Progressive Enhancement

A basic, functional, experience is delivered to everyone; JavaScript is not required for any key functionality. Feature tests in JavaScript are used to load in additional CSS and JS enhancements for browsers that pass the tests. It’s important that these are treated as an enhancement rather than a fallback: we build a solid foundation and layer on enhancements. Different browsers will be served different experiences; they will be consistent and may be quite similar, but will not be exactly the same.

Rather than grading browsers, we grade components. This provides each browser with the best experience it can handle. We use Strong Progressive Enhancement. is a handy site: it lists browser support for HTML, CSS, and JavaScript features.

Cutting the Mustard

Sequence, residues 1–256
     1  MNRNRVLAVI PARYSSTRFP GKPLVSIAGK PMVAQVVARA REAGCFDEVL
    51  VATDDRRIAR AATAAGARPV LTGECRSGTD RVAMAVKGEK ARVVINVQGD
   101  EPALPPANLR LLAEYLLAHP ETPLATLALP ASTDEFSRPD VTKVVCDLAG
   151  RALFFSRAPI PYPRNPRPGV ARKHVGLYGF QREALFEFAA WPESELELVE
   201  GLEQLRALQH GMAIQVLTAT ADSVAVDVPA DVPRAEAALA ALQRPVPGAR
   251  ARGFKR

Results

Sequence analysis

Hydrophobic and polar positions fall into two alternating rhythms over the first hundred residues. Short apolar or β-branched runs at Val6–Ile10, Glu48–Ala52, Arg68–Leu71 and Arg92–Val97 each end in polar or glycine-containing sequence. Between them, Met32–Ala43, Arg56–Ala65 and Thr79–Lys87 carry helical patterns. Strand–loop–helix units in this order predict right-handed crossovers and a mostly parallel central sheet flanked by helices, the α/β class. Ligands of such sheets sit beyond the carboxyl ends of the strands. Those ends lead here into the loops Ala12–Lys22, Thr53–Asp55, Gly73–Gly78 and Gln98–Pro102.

Cutting the Mustard (when referring to JavaScript) was coined by the team working on the responsive redesign of the BBC news website. They provide a basic experience for all browsers: they serve HTML, images, and CSS. Then, for browsers that are modern enough, they serve the enhanced, JavaScript-powered version. By doing this, they avoid sending less capable browsers code that they will struggle to run. They use the following test:

if('querySelector' in document
   && 'localStorage' in window
   && 'addEventListener' in window) {
   // bootstrap the javascript application

They picked those criteria based on the things the features that their app used. If you cut the mustard in your own project, you should test for features that you’ll be using. Modernizr can be a useful tool to use for this.

There are levels of optimisation to apply. Your site should support every browser, but the amount of time you spend optimising for particular browsers and feature sets should depend on your